But going to the issues you’re saying, there has always been some private operations in terms of our Medicare system. What Labor is doing is putting a stake in the ground, and we say beyond that point, no more. What we are saying, is when you increase the proportion of our medical system, our Medicare system, when you increase the proportion which moves from Government funding to asking individuals to pay for their own services, what you are doing is you are ruining Medicare. We will defend Medicare. We are not convinced this Government can be trusted with the health care of Australians.

We are certainly not convinced by the Government when they propose the following measures. Billions of dollars in cuts to GP rebates, because what they are doing is freezing the rebates at the 2014 level which will put an intolerable strain on doctors' surgeries. The Royal Australian College of GPs has said one-third of all doctors will have to stop bulk billing. You cannot pretend like Mr Turnbull to be guaranteeing Medicare when you are increasing the prices of prescription medicine. You certainly can't pretend you're guaranteeing Medicare funding when you are taking away bulk billing incentive payments.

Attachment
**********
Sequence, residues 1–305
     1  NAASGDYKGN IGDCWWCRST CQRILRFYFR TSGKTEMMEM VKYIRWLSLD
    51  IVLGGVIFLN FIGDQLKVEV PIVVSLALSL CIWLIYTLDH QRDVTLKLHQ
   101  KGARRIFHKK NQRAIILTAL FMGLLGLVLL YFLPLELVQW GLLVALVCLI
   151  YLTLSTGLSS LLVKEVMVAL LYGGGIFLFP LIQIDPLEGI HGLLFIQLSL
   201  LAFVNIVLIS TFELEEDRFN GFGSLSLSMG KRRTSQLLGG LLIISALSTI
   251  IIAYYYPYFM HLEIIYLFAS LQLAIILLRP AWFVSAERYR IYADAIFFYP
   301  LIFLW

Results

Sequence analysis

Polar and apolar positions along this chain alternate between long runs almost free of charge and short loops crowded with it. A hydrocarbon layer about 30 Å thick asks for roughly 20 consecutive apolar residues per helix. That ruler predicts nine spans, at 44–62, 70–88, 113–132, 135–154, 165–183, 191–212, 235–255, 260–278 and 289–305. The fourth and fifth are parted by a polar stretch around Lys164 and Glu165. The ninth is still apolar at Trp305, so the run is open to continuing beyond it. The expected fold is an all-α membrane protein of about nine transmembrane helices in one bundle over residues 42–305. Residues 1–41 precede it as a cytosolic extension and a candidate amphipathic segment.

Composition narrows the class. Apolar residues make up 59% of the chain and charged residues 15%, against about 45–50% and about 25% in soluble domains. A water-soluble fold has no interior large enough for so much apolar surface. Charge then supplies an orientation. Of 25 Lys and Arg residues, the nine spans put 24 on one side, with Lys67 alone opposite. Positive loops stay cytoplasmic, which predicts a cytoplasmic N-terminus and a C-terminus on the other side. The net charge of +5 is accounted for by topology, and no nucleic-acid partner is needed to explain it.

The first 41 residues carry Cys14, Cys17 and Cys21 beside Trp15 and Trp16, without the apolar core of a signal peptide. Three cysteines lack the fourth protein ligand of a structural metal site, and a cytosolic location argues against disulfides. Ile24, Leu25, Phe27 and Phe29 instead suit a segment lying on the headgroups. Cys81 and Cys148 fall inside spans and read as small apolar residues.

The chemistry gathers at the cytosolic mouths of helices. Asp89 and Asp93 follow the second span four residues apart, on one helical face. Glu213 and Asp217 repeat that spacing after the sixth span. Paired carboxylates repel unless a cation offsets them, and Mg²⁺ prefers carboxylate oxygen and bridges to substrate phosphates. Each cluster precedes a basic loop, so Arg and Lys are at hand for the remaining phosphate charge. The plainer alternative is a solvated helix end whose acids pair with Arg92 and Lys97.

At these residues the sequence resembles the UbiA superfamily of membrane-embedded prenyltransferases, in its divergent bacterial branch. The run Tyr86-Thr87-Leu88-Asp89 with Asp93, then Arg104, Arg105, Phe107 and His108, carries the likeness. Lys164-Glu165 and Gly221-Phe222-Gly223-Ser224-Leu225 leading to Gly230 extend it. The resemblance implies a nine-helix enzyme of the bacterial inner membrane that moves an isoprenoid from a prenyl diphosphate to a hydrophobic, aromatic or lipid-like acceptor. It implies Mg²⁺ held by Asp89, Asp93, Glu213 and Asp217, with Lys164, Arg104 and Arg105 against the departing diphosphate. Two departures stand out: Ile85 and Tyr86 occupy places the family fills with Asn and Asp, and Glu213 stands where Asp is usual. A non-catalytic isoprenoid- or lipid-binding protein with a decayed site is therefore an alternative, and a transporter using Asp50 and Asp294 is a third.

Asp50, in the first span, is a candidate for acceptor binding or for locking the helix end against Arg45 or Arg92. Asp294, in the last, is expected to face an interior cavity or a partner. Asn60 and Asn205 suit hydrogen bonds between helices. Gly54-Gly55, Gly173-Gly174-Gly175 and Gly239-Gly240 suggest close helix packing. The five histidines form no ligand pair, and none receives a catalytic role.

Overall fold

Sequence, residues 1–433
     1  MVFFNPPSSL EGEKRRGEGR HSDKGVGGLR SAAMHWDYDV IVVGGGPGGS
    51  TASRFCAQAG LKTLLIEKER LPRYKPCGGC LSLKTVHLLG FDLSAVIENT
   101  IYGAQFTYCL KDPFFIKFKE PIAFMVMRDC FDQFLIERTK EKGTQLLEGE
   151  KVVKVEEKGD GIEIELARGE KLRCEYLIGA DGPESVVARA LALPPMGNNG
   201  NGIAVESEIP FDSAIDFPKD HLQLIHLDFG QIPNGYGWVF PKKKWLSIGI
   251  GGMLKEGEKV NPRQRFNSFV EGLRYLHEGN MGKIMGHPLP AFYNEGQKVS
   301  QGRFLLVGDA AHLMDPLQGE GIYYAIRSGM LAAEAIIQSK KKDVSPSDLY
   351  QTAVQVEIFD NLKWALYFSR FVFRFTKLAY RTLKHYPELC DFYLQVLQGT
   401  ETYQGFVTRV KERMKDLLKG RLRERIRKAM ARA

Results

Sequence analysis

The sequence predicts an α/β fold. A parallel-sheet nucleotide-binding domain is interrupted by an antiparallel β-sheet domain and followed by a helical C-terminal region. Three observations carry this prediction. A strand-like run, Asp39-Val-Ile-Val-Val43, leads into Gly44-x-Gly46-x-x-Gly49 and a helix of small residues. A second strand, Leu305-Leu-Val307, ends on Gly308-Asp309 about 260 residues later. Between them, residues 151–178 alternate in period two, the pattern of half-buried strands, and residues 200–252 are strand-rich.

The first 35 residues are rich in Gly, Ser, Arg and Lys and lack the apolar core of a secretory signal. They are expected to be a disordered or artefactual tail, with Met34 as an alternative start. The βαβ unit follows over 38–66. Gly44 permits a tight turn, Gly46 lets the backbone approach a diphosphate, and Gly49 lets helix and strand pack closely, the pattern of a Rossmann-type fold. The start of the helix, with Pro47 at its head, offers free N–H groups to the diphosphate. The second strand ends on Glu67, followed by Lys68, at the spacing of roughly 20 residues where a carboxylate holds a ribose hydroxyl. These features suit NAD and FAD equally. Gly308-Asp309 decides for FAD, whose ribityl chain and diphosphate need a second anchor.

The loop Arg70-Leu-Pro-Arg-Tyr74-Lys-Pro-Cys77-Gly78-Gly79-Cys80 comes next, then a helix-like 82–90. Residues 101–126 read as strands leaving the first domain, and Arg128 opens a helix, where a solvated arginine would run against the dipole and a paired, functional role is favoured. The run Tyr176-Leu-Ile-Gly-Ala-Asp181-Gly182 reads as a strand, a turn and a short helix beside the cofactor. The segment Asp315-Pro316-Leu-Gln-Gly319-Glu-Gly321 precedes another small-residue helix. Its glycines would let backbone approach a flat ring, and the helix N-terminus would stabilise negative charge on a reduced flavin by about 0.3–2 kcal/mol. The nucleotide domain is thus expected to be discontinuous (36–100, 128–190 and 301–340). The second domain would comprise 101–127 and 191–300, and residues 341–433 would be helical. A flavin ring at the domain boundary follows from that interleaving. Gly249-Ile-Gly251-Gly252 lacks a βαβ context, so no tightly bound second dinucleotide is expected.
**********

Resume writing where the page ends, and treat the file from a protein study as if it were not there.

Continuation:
REPORTER: Following up from Lauren's question. You can't really expect the Government to intervene in a public tender process, which your health spokesperson, Catherine King, is suggesting the register, the vaccination register, should be guaranteed, that it would not go to a for-profit organisation. The Government can't intervene in such a process?

SHORTEN: It depends how far the tenders are along and the contracts are along. Of course we'll respect contracts which are signed. You have to. But let's be clear, if we want to talk about tenders and contracts, the grand-daddy of all big contracts was the submarines contract. That process at first, if Labor hadn't been strong, that was a done deal. It was going to go to one bidder. That was the giant contract, $50 billion.